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Help Your Loved One Reach End of Life With Dignity

Between 2016 and 2050, the percentage of the world’s population 65 years of age or older is expected to double to 17%. Almost one out of every five people will be a senior. More than a million people die each year from cancer, heart disease, diabetes, influenza, and other health issues in addition to aging.

As the elderly population grows, more people face difficult choices about the needs of elderly loved ones. It can be challenging to address your loved one’s care, living arrangements, finances, and funeral arrangements, but doing so can ensure your loved one retains their dignity in their final days.

Securing Finances

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The elderly or people who are ill are usually unable to work and may have limited financial resources. One way to address your family member’s financial needs is pursuing a settlement. With a viatical from American Life Fund, your family member would receive a lump cash payment in exchange for their life insurance policy. The buyer would become the policy’s beneficiary and would also be responsible for paying any remaining fees for the policy. Obtaining a viatical settlement is an effective way of reducing monthly expenses and ensuring your loved one has enough cash on hand to cover their expenses.

Another advantage of pursuing a viatical settlement is that the money is tax-free. Viatical settlements also pay more than the cashout price for the insurance policy.

Your loved one may also own a home. If they move to receive personal care, they may opt to sell the property to secure additional funds. They may also want to pass the property on to family members. Their options should be discussed before their passing to ensure the family adheres to their wishes.

Addressing Legalities

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Many legal issues should be addressed before a person dies. If a person dies without a will, a judge will decide who will receive their estate and specific possessions. Relatives can spend years in court arguing for property or items that were meaningful to them, and it can be expensive to settle the estate. Talk to your loved one about their legal arrangements and make them an appointment with an attorney if they do not have a will.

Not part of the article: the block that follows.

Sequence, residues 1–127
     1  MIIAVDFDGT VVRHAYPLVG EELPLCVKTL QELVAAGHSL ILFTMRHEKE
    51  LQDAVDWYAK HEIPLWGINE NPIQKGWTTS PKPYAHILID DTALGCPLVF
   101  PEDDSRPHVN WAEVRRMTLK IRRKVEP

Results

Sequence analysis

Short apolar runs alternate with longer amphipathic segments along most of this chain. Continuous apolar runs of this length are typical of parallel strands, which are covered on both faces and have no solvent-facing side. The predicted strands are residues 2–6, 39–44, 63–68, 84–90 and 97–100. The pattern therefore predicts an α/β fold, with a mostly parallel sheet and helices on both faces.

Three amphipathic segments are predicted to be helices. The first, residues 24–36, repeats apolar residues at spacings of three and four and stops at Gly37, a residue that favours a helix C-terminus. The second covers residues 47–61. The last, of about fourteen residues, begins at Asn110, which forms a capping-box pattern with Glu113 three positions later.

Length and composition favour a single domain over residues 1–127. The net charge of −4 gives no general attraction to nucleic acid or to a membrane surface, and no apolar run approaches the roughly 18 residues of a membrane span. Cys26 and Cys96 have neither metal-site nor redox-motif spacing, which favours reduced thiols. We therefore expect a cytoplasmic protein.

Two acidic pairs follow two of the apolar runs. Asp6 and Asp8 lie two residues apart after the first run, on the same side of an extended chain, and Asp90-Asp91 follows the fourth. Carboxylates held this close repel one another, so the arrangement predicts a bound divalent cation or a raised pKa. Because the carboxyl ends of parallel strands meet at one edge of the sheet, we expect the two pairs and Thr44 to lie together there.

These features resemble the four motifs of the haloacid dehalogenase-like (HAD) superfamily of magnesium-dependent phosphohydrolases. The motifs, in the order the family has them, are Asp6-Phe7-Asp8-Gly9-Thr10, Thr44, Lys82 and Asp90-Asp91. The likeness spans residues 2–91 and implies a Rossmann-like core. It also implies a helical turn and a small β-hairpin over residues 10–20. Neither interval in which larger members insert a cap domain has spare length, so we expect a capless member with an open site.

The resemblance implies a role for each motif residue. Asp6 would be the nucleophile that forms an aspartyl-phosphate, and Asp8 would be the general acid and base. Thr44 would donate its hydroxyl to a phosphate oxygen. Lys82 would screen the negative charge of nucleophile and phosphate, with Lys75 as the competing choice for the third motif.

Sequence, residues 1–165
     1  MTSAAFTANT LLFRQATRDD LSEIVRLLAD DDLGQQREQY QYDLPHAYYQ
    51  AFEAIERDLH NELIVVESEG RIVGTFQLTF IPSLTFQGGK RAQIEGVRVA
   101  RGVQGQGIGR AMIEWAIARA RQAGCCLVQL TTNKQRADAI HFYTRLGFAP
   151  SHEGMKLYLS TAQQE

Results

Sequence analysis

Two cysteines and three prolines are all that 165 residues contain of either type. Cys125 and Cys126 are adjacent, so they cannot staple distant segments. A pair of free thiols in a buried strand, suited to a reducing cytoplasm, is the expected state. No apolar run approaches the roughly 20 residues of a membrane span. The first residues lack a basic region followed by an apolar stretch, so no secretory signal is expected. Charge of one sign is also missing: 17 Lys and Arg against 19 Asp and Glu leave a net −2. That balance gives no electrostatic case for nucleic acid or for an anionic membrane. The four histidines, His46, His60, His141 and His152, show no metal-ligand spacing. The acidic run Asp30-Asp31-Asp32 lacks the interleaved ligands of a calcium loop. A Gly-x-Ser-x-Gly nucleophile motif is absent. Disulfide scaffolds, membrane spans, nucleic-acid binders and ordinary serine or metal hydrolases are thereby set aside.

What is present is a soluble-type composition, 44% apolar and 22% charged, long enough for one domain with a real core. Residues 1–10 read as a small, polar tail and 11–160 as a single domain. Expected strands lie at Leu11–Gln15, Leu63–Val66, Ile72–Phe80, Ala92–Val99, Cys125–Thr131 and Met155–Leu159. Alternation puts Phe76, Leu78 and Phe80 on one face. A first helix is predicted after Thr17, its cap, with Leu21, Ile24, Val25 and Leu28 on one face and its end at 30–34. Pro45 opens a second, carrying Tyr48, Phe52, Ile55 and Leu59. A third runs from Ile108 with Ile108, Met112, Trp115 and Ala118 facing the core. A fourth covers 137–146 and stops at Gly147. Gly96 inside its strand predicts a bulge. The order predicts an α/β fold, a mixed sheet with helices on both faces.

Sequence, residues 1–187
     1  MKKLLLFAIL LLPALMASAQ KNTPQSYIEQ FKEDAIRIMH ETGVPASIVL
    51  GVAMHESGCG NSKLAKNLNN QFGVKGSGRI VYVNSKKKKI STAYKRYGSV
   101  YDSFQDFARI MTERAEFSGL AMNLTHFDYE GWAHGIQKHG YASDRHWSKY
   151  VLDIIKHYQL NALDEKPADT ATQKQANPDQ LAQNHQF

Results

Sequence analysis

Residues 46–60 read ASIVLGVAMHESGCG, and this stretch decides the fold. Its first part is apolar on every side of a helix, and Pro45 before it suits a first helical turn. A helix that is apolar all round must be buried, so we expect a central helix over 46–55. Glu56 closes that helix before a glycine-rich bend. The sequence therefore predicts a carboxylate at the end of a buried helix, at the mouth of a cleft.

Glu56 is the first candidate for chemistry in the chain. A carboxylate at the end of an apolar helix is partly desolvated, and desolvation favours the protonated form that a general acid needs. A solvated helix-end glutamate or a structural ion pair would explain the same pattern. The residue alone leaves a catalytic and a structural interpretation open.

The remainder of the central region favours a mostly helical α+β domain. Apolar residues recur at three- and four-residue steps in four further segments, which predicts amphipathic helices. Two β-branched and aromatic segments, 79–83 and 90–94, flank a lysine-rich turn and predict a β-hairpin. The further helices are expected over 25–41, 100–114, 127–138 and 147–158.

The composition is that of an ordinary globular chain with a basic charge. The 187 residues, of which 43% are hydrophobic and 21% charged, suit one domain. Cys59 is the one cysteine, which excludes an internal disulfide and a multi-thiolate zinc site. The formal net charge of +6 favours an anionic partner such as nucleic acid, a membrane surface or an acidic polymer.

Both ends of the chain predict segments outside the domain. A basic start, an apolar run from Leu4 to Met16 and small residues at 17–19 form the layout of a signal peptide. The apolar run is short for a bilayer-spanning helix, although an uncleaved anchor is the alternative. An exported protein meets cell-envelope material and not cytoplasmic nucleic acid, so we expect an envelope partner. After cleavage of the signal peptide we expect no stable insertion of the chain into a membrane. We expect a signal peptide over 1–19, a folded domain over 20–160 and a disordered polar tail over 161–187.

Your loved one may also need to appoint someone to make medical decisions for them. A person who has medical power of attorney (POA) acts as their agent and can make medical choices about their care and whether or not they will undergo medical procedures. Your loved one may also want to sign a do not resuscitate (DNR) order. A lawyer can help your loved one appoint a POA. Doctors have DNR paperwork available that your loved one can sign if they choose.

Ideally, you should encourage your loved one to address their legal matters before their condition deteriorates, so all their wishes are respected.

Assessing Personal Care Needs

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Whether your loved one is going to a doctor’s appointment, meeting with an attorney, and making their final arrangements, they will want to look their best. You can encourage them to do some shopping and invest in a petite white blazer, comfortable dress pants, and other clothes that will make them feel good about their appearance. Dressing well can help boost a person’s confidence. Investing in a nice wardrobe for your loved one is an effective way of caring for their routine needs.

Your loved one may also need the services of home health aides or personal care aides. To maintain your loved one’s dignity, it’s essential to discuss their needs with them privately and, if possible, involve them when hiring caregivers. Ensuring they participate in the process will ensure they feel empowered to make their own decisions even if they need extra help at home.

Making Final Arrangements

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It can be challenging to discuss final arrangements with a loved one, but talking about their wishes is a critical way of showing them you respect them and want to show that respect with an appropriate funeral. Some people feel empowered when they can make their own choices about the music that will be played, who will speak, and what will be engraved on their headstone. Knowing funeral and burial details have been addressed can also provide your loved one with peace of mind during their final days.